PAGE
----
Posts Tagged ‘Trivial Pursuit’

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Obsession

September 21, 2012

I can’t stop being fixated by the size of Raskolnikov’s room!  We get this description:

Mistrustfully and with an affectation of being alarmed and almost affronted, he [Luzhin] scanned Raskolnikov’s low and narrow “cabin.”

Sounds tiny, right?  But then by my count there are five people in the room: Raskolnikov (in bed), Razumihin, Zossimov, Luzhin, and (I think, in the corner) Nastasya.  And three of them (Razumihin, Zossimov and Luzhin) are sitting–that means three sitting platforms in addition to the bed…it’s now sounding practically palatial.  But remember he can reach the door from his room.  Maybe it’s some kind psychadelic “breathing” room, expanding and contracting, expanding and contracting.

Or it’s just a normal room that I can’t picture well.  I don’t have a good imagination.

I still don’t understand what puts Raskolnikov in such a snit about Luzhin.  He seems like an okay guy to me…but he can’t do anything right in the eyes of Raskolnikov.

But then again Raskolnikov murdered an old lady, so maybe we shouldn’t trust his emotional intelligence.

Fun fact!  We learn here (Part II, Chapter V) what Raskolnikov’s first name is…Rodion.  So next time you play Trivial Pursuit and the answer is “Raskolnikov” you can say “Rodion Raskolnikov” or even “Rodion Romanovich Roskolnikov” or if you’re feeling cool “R Cubed” and when your opponents look confused you can say with a withering look of disbelief “uh…Rodion Romanovich Raskolnikov, you know the most famous anti-hero of literature.”  However you say it what you’ll be saying is “I’ve read Crime and Punishment” (we won’t tell them about your lack of blog posts).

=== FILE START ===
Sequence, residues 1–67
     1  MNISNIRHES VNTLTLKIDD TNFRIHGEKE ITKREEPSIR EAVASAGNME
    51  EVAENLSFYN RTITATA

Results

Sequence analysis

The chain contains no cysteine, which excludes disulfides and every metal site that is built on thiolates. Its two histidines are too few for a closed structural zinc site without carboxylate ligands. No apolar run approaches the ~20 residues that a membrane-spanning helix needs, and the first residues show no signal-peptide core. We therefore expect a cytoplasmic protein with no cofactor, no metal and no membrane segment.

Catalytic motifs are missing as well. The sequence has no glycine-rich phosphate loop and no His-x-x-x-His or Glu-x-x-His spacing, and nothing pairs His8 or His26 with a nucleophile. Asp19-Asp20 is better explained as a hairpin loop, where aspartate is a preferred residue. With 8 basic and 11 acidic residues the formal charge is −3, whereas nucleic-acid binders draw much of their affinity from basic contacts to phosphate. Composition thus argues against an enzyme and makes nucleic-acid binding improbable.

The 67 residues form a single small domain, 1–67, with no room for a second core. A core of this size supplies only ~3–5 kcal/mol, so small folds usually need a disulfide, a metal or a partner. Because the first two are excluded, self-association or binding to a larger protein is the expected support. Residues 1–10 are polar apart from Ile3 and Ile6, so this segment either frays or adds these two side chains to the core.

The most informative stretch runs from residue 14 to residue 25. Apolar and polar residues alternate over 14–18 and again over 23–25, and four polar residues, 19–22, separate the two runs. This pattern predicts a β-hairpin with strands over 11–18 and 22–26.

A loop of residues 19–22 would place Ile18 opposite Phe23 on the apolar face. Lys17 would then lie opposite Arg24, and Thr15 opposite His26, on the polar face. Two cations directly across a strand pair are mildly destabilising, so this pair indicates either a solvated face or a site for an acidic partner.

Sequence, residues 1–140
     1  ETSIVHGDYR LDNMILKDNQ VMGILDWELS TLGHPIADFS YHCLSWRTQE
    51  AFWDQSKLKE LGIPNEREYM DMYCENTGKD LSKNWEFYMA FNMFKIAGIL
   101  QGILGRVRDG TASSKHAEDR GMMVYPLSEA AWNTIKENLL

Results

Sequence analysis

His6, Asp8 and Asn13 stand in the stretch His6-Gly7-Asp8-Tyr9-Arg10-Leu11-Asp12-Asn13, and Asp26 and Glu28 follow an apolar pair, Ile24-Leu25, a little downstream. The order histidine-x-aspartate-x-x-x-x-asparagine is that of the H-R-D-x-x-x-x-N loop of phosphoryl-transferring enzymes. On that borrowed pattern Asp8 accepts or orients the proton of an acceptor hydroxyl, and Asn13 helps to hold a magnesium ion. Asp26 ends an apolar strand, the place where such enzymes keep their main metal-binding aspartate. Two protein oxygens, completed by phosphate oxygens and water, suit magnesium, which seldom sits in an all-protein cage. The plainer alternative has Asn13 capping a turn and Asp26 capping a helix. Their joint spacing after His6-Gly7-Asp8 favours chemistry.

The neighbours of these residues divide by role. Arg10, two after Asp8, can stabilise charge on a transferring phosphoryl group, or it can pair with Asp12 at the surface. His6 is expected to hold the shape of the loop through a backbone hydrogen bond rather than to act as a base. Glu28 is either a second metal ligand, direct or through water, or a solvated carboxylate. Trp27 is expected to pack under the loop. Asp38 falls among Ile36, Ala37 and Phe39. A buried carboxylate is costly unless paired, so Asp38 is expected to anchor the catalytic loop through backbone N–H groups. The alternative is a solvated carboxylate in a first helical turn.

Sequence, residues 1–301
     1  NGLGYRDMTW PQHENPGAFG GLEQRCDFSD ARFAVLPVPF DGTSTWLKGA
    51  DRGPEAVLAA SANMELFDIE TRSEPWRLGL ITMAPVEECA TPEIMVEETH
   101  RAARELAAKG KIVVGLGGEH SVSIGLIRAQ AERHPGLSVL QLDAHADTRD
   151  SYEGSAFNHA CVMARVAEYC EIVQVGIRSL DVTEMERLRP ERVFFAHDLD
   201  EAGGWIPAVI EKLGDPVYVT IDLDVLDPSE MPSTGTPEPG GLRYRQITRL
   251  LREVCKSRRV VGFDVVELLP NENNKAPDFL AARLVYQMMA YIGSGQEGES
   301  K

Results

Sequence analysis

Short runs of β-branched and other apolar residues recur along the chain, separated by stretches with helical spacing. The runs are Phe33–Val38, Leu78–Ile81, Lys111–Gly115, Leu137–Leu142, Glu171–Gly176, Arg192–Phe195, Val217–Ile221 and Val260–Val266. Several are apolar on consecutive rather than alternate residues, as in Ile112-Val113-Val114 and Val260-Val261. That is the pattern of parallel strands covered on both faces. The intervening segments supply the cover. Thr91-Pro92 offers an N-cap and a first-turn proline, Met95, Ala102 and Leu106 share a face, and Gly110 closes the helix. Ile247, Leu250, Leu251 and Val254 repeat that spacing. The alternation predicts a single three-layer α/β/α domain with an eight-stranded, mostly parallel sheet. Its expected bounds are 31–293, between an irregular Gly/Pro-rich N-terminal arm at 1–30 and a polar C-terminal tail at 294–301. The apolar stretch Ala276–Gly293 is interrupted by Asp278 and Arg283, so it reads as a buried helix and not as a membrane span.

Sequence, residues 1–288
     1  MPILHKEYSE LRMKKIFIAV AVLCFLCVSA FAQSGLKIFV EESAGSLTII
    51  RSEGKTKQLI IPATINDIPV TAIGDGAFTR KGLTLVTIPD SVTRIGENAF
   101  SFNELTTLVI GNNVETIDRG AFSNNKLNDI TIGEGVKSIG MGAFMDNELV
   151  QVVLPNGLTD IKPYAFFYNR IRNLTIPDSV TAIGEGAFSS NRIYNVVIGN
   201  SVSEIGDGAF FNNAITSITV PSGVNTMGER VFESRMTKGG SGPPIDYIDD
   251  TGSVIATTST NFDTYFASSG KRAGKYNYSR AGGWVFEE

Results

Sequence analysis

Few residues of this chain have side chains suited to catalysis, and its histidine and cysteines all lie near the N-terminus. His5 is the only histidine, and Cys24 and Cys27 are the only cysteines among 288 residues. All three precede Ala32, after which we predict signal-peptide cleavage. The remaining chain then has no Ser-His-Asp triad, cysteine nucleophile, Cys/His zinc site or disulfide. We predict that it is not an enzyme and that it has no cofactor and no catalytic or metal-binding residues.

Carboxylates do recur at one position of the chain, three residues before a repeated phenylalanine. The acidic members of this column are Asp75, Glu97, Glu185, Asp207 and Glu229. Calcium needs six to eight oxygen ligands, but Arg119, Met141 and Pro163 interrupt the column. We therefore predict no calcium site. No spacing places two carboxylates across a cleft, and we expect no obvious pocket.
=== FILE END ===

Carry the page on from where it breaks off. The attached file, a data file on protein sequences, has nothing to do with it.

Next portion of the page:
Well either “I’ve read Crime and Punishment” or “I’m a pedantic ass.”

Potato, Potato.

Jon

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Competitive Subtext and Zombies

April 22, 2009

Now, Twin Brother, I realize that you and I have always been somewhat competitive. Friendly competition has been a hallmark of our twinship since birth. From our race from the womb (which you may remember, I won) to our present day fierce battles over  Trivial Pursuit, competition has been a part of who we are.

Honestly, I thought we had hit a new low a few weeks ago when quality time with the nieces and nephew devolved into a competitive bubble-blowing contest.

(In case you’re a bit cloudy on the details, I was blowing these elegant, bigger than life, translucent works of art while you were producing spittle-like soapsuds as you continually blamed the direction of the wind and claimed you were “just warming up.” Although points to you for winning out on trash talk. My favorite  comment of the day was when you turned to me and told me, “I will never be impressed by anything that comes out of your wand.” That one still stings.)

Like I said, I thought that was as low as our competitive natures could go. But then you had to take it one step lower and get all competitive by way of subtext. 

Petty, Twin, petty. 

Let’s look at two examples from our current blog posts.

First mine:

I have to be honest with you, I really hadn’t noticed the plot (or plot-less) pattern you described in your last post. (I have never been much one for patterns, which could explain the failure of my short-lived visual art efforts that I lovingly referred to as “Justessellations.” Althougth one critic did describe them as “expectation-defying*” and another described them as ” really special.**”)

Subtext:

Wow, Jon you are really good at noticing patterns. Art is neat.

Now your post:

Now if Steven Urkel has a precursor in the Russian Novel (and I believe he does) I think a better fit would be Dostoevsky’s titular idiot Prince Myshkin.  Here’s why: